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TR: Bishop Pass to Taboose Pass Early September

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TR: Bishop Pass to Taboose Pass Early September

Postby BSquared » Wed Oct 08, 2014 12:03 pm

As you can see by the title, this was a pretty standard trip that many HST readers have done many times, so I’ll try to keep the TR short. It was supposed to be much more adventurous: I was supposed to help Marymaryland do some work at a research site she has near Amphitheater Lake, then head out of Amphitheater basin over Upper-Basin Crossing into Upper Basin, and then go out over Taboose. Mary was a student of mine a few years ago, and I was eager to see her site and help out as I could. But altitude and perhaps lack of conditioning caused a major change of plans.

I’d carefully planned my altitude acclimation: one night with Markskor in Mammoth (around 8000’), a second night at a campground in Bishop Canyon (around 9500’), an easy first day in to Saddlerock Lake (about 10,500’), and by then I figured I would be good for Bishop Pass and what lay after.

Monday 9/1. I arrive in California, drive to Mammoth and have a great time with Markskor, who turns out to be one helluva cook (thanks again, Mark!), and I enjoy wandering around Mammoth a bit.

BishopTaboose2014003.jpg
Markskor in his kitchen.

Tuesday 9/2. The highest campground near the Bishop Pass trailhead, called “Willow,” isn’t any great shakes, but it has the requisite flat spot, picnic table, and fire ring. A little dirty and no water (I have to filter from a nearby stream), but OK: good solid 6 on a scale of 1-10. I do a little day hiking; the first part of the Bishop Pass trail is a lot prettier than I remember it from 30-odd years ago, and I don’t seem to be having a lot of altitude problems.

Wednesday 9/3. I drive down to Bishop, where I meet Mary, finalize plans, and drive my rental Corolla to the Taboose Pass trailhead with Mary following, to set up our shuttle. I take the road slowly and gently and my rental car does just fine. Then back up to the Bishop Pass TH for a relatively late start around 4:00 PM.
BishopTaboose2014015.jpg
Bsquared at the Bishop Pass TH.

South Lake is hardly there at all. Wow, it is dry out here!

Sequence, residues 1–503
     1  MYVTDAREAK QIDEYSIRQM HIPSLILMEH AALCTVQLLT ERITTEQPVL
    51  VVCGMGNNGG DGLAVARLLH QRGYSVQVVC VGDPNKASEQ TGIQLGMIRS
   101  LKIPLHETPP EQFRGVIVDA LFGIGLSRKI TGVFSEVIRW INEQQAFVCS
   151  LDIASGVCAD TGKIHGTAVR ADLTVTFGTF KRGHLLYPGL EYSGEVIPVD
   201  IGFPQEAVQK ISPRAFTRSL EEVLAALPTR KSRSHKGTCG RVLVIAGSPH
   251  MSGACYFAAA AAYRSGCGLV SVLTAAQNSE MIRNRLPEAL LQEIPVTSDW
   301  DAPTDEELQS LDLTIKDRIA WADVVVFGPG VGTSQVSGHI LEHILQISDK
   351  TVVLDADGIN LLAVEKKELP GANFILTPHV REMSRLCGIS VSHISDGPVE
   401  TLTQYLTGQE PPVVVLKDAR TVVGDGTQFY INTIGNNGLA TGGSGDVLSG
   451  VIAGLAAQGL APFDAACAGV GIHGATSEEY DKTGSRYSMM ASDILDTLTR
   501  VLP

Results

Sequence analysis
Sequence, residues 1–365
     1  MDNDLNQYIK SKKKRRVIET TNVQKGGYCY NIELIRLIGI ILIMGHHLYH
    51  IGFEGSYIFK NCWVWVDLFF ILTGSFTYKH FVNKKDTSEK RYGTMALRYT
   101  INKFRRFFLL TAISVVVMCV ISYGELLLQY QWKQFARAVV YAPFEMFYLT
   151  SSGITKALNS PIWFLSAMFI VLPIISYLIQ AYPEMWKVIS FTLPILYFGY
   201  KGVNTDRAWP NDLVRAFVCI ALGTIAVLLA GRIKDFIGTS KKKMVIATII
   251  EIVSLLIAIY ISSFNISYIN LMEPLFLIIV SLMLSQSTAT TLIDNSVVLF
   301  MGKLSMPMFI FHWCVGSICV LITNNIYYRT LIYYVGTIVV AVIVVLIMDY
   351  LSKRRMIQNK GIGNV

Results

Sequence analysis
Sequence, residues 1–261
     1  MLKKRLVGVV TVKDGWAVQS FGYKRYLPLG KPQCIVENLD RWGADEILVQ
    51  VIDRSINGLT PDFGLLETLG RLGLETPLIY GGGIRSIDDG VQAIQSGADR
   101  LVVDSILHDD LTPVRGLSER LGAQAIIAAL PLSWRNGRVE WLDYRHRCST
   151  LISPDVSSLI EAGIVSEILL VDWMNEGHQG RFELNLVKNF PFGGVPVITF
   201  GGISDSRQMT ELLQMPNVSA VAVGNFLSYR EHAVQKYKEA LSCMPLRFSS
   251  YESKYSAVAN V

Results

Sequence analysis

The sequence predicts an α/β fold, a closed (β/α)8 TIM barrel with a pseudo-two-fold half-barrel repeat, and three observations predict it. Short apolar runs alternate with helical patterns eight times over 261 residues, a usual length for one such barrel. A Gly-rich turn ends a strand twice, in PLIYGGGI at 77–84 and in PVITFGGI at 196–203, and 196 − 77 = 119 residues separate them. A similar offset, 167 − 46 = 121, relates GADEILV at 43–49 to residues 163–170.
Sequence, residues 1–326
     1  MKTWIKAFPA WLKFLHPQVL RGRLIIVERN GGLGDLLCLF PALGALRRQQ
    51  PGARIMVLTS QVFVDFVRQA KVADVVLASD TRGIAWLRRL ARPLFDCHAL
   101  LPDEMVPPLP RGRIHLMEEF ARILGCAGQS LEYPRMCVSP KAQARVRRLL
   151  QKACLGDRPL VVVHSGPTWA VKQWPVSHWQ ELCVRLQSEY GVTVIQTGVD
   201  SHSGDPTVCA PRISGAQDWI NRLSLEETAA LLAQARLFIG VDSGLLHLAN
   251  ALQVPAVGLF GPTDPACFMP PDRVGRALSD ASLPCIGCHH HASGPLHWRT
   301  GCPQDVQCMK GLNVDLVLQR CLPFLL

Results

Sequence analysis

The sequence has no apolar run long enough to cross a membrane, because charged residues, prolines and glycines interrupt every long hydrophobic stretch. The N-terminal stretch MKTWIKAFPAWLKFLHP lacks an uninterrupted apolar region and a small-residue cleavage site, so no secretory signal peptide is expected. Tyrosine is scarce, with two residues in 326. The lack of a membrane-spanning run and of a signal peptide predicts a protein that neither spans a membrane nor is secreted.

BishopTaboose2014007.jpg
South Lake, what there is of it.

Get to Saddlerock just as the sun is going down; dinner by headlamp.
BishopTaboose2014018.jpg
Campsite above Saddlerock Lake.
Thursday 9/4. The next morning I’m up early and ready to head up to the pass. No altitude problems at all going up. I stop briefly at the pass (you have to do that, right? ;), and then head down.
BishopTaboose2014023.jpg

Something is obviously wrong: descending becomes very painful and difficult almost immediately. My hips hurt, and I can’t seem to find my footing reliably so I keep slipping and tripping, and I get exhausted so quickly I have to stop every 15 minutes or so. The pack seems to be fitting poorly, too, and has to be adjusted every time I stop. I have never before had trouble going down: I usually just stomp on down, taking great big strides and sometimes singing out loud pretending I’m Tom Bombadil. This is very unpleasantly different!

I hobble down to lake 10,742, where I’m supposed to rendezvous with Mary that evening, and I sit down and take stock. The cross-country adventure looks very doubtful at this point, and I even momentarily consider heading back up to the pass to abort the trip entirely, but of course I don’t have a car there anymore. Going down hurts, though descending into LeConte Canyon would be the obvious thing to do if it’s altitude that’s causing my problems. However, the symptoms aren’t at all like what I’m used to—no headache, for example. I dither for a long time and finally decide to make camp as planned but make bloody sure that Mary can find me. I find a good campsite well off the trail and across the stream and go down to the stream and wash, but I’m so exhausted and uncoordinated that I fall over in the stream and hit my back on a rock, hard: just what I need. Thoroughly discouraged, I hang around by the stream until Mary shows up around 5:00 PM, which buoys my spirits considerably. I notice that evening as I write in my journal that my handwriting looks like I’m about 105 years old. I feel it.

Friday 9/5. Next morning things look a bit better.
BishopTaboose2014025.jpg
Atmospherics over Agassiz

I’m still very unsure of myself, and we start out a bit late, walking very gingerly. The place where the rock hit me hurts as I walk, but I make it across the stream OK, and we are further buoyed by the arrival of another friend, Rosie, who was planning to meet us at Deer Meadow that night but who is hiking incredibly fast and is ahead of schedule.